College students and recent alumni are often the best recruiters because they’re about the same age as prospective students.
If it’s conversational and informal it really creates a very relaxed environment for your students. You can also create community here by highlighting student blogs on your .edu site or having current students post hashtags to showcase some of the best features of your university.
5. Pull parents into the mix, too.
Students are not the only decision makers in this educational experience. Make sure that you’re tailoring campus events for parents of first-generation students, especially, for whom all this is a novel experience. One good idea is creating and sending out parent newsletters to highlight events and information sessions to explain what parents can expect from their student’s first year of college.
6. Figure out who is struggling.
Create extra points of contact and engagement with first-generation students and those admitted on probation.
Another idea is to reach out to all of your projected starts and registered students with a tech strategy. You could give students three options to respond with: Text a “1” if you are all set with your classes and do not have additional questions or concerns, text a “2” if you have questions, and text a “3” if you have questions and concerns. Follow up with your 2s and 3s very quickly with a phone call.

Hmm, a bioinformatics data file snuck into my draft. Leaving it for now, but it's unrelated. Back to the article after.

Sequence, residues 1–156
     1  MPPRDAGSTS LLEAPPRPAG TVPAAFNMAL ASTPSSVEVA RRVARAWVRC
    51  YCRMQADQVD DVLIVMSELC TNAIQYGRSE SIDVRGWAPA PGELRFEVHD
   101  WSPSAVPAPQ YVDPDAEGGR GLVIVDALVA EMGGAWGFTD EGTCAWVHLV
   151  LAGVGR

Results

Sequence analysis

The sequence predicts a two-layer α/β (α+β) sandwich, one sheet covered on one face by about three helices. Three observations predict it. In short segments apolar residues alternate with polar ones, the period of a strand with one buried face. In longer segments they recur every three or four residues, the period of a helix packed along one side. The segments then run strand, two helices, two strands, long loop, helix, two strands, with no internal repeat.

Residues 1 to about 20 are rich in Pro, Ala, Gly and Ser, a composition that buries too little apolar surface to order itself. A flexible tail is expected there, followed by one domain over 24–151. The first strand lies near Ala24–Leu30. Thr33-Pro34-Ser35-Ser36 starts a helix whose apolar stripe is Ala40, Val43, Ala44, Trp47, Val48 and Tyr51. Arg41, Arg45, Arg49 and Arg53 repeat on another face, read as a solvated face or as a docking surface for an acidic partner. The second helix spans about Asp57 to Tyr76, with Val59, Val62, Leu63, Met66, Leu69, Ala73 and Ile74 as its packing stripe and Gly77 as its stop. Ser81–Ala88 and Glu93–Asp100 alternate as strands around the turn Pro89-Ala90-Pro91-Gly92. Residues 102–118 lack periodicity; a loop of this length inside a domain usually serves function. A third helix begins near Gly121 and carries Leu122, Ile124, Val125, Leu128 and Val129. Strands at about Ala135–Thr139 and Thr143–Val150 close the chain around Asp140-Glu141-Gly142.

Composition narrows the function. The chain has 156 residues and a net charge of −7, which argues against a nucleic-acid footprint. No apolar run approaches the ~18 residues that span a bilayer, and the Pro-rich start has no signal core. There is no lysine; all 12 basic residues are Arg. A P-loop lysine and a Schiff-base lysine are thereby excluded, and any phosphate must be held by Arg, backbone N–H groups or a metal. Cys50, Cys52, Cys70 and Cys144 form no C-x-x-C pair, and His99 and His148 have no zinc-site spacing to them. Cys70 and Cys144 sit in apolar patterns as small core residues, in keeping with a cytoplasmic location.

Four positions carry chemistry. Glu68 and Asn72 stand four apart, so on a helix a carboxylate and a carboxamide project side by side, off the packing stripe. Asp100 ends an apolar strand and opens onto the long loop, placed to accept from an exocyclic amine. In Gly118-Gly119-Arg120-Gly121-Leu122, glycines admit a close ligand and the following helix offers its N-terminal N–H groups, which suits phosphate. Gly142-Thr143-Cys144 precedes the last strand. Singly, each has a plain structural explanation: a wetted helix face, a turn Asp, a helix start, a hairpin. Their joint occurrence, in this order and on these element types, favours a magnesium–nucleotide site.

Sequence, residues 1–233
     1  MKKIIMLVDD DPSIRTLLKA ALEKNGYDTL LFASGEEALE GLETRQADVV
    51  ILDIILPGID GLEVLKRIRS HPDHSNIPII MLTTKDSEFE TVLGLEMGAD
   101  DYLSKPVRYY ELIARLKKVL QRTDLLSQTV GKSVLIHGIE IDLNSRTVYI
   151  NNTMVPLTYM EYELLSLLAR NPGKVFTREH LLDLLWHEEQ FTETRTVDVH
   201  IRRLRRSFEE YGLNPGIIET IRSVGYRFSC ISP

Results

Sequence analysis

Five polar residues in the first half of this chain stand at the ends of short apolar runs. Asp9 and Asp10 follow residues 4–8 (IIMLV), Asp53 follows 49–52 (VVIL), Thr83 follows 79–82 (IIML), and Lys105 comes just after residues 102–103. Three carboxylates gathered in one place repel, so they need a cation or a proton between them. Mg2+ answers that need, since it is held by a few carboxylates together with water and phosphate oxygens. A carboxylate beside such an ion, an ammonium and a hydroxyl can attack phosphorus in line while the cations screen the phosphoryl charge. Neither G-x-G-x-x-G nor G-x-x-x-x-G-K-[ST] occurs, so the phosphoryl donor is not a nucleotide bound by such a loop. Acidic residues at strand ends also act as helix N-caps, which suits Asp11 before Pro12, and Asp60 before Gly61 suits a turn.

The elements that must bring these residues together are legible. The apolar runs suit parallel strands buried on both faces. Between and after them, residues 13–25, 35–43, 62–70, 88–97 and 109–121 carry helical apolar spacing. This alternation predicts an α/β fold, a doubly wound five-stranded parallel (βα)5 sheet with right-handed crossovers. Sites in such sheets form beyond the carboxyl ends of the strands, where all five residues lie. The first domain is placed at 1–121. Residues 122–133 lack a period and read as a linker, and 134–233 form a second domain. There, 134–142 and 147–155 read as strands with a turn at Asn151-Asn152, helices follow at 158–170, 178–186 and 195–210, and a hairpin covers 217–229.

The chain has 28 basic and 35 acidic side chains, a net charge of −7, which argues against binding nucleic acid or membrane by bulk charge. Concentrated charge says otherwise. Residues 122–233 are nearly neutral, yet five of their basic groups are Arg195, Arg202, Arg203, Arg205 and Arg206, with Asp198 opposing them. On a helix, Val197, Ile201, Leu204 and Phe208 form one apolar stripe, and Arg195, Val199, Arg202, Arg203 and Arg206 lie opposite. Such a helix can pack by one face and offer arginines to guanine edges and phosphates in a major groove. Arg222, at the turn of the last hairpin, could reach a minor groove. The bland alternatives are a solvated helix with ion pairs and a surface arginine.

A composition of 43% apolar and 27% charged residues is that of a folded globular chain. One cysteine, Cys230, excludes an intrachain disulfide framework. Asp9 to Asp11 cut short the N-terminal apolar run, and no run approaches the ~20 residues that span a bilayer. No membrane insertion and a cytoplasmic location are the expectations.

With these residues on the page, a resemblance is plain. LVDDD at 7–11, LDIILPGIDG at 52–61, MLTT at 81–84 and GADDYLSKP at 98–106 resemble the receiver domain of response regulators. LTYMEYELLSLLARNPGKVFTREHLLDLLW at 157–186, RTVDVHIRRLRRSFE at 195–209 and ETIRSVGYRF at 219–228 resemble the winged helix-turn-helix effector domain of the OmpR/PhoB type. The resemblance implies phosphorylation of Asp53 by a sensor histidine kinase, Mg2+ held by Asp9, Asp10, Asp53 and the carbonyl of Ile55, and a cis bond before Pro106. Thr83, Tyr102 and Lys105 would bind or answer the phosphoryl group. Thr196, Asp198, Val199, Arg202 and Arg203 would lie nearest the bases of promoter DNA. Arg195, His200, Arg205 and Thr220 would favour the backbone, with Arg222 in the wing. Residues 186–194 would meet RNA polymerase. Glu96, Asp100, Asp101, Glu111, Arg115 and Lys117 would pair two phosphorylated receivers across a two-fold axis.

Lastly, have some way to continue to flag or identify at-risk students so that you’re following up and nurturing them until that risk is no longer present.
7. Provide optimal virtual service.
While safety is a priority, it doesn’t mean that we have to accept subpar service.
When students register for virtual events, there’s an opportunity to collect information and insight for them. Use that information to dig into the student experience, ask about their top worry, and then follow up to schedule a conversation to talk through those concerns.
8. Be guardians of the student experience.
“Customer service” didn’t used to be a term that you would hear when referring to higher education. However, more and more institutions are beginning to look at students and parents as customers. So consider launching a customer service program. Be especially vigilant about response time, and perhaps use a chat bot or an interactive Q&A on your site.
9. Hold a gold-standard orientation experience.
This generation of students spends more time on their screens than any previous generation, and much of that time is spent connecting digitally with friends and peers. There’s a ton of ways to be creative with your orientation considering this technically savvy generation of students. For instance, some institutions are using interactive Instagram stories or Facebook Live.
10. Give voice-to-voice with students during the start week.
Researchers have found a strong positive correlation between building relationships with students and academic achievement.
One idea is to have faculty members invite each student to a 10-minute meet-and-greet. By reaching out, the faculty advisors are saying, “I care about you, first and foremost, and I want you to be successful in this class.”